|Alan Larson, Under Secretary of State|
for Economic, Business, and Agricultural Affairs
Remarks, Secretary's Open Forum,
U.S. Department of State, Washington, DC, March 8, 2000
IMF Reforms and the Challenges of Globalization
This Open Forum discussion is timely. There has been much debate about the IMF and, more broadly, globalization. The publication of the Meltzer Report will draw even more attention to this issue. Some would recommend radical changes, such as eliminating the IMF or sharply limiting its role. I support reform of the IMF, but measured reform. My motto would be "mend it, don't end it."
Benefits of Globalization
Let's talk about the IMF in the broader context of globalization. I think the benefits of globalization far outweigh its costs for the U.S. and other countries. Net direct investment in emerging markets increased from $31 billion in 1991 to $118.5 billion in 1999. According to the 1999 UN Human Development Report, the share of people enjoying what is known as medium human development rose from 55% in 1975 to 66% in 1997. At the same time the share of people suffering low human development dropped from 20% to 10%.
President Ernesto Zedillo of Mexico, in remarks made at the World Economic Forum this January, had it right. "In every case where a poor nation has significantly overcome its poverty, this has been achieved while engaging in production for export markets and opening itself to the influx of foreign goods, investment and technology; that is by participating in globalization."
The Role of the IMF
I would argue that the IMF has been an indispensable part of the international financial system, and we have a major foreign policy stake in its future. By promoting an open, efficient international financial system, the IMF supports the growth of global trade, output and jobs. By pooling resources, it spreads the cost of sustaining global financial stability. The U.S. benefits from a more open trade and investment regime, and from the freer flow of capital.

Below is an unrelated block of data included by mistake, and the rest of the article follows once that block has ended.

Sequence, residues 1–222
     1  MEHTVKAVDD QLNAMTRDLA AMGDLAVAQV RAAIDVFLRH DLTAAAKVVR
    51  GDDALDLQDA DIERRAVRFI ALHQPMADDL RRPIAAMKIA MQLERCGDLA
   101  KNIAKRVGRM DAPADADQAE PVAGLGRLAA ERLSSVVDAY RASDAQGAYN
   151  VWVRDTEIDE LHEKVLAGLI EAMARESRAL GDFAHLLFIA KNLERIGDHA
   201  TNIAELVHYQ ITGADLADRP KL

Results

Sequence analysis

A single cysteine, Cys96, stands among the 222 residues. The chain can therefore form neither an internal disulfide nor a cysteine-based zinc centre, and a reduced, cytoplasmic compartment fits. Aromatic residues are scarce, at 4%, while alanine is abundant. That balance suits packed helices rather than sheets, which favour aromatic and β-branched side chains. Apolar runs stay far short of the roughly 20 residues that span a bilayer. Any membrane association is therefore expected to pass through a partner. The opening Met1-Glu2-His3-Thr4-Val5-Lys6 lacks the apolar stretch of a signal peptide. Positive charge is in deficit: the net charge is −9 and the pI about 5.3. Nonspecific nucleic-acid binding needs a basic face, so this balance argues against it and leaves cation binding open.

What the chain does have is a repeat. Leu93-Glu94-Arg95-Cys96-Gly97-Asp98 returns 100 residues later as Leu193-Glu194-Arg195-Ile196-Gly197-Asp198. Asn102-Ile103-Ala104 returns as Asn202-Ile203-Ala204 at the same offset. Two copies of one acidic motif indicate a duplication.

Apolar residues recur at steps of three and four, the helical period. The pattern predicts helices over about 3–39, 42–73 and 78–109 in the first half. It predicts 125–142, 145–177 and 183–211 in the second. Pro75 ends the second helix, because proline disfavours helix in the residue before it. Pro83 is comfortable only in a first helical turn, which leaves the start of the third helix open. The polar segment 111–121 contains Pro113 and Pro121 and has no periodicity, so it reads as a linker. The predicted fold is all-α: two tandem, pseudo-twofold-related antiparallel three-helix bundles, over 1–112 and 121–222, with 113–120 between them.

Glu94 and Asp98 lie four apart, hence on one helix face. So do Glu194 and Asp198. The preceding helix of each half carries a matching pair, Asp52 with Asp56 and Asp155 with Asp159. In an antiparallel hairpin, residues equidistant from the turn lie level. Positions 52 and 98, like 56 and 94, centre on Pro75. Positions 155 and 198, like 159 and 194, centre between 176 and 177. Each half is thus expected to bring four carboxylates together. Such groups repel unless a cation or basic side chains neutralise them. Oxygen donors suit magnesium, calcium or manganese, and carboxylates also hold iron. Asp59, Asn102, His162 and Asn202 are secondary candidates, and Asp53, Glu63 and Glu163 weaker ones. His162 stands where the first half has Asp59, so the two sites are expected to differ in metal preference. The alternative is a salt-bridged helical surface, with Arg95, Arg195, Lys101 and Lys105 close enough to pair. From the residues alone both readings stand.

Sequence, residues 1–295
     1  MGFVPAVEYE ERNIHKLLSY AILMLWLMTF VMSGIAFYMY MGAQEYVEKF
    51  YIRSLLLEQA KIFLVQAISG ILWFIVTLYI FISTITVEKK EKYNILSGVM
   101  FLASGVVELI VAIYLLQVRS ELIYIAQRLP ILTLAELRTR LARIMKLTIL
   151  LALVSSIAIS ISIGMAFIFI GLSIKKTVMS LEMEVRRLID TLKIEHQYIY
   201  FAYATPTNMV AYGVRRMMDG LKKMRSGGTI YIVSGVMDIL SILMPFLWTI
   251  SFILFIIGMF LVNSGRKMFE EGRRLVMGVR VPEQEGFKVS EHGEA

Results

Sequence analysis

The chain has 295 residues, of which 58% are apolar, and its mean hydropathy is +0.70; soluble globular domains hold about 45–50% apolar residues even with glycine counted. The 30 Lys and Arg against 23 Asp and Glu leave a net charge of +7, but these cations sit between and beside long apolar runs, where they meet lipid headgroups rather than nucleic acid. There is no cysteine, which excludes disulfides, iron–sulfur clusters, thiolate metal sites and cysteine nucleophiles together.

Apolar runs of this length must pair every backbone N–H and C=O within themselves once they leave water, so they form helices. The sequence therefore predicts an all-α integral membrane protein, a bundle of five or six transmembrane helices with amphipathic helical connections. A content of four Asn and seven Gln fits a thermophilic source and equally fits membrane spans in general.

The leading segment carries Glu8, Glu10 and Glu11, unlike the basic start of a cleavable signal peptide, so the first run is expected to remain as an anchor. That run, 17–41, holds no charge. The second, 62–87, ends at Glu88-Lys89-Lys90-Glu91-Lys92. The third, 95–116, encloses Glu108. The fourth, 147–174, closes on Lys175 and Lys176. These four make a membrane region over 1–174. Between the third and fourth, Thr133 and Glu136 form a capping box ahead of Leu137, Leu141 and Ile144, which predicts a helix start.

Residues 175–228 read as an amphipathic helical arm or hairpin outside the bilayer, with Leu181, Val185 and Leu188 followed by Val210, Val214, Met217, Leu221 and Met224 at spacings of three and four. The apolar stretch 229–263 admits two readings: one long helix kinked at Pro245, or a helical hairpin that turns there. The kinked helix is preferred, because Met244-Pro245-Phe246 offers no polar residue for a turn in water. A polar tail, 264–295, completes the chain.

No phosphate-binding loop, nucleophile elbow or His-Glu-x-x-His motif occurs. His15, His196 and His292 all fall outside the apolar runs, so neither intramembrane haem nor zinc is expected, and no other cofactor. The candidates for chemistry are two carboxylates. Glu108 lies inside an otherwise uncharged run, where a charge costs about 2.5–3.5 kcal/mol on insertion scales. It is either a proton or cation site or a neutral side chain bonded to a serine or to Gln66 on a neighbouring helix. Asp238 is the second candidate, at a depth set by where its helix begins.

The IMF is the "first line of defense" against global and regional financial crises. Rescue packages organized, and partially financed, by the IMF helped keep countries from falling off the brink into financial disaster, with potentially serious foreign policy and national security consequences.
The United States has been heavily involved in reforms to the international financial architecture, including reforms to the IMF. As a result, there is now far more transparency and accountability both within the IMF and in its relations with member countries. For example, 29 countries have participated in the IMF's pilot project to publish Article IV consultations so far. This administration will continue to advocate further IMF reform and greater transparency.
We have worked to make good governance a core part of the IMF's operations. Most recently, we have led the call from the G-7 for reviews by the IMF to find ways to strengthen safeguards on the use of its funds in all of its lending activities.
The G-7 has pushed the IMF to ensure that its macro-economic reform policies protect the poorest and most vulnerable members of society, which the IMF is doing. This means, for example, that in cases where fiscal austerity is called for, the IMF will pay attention to the quality of public spending -- that is, that appropriate spending be maintained.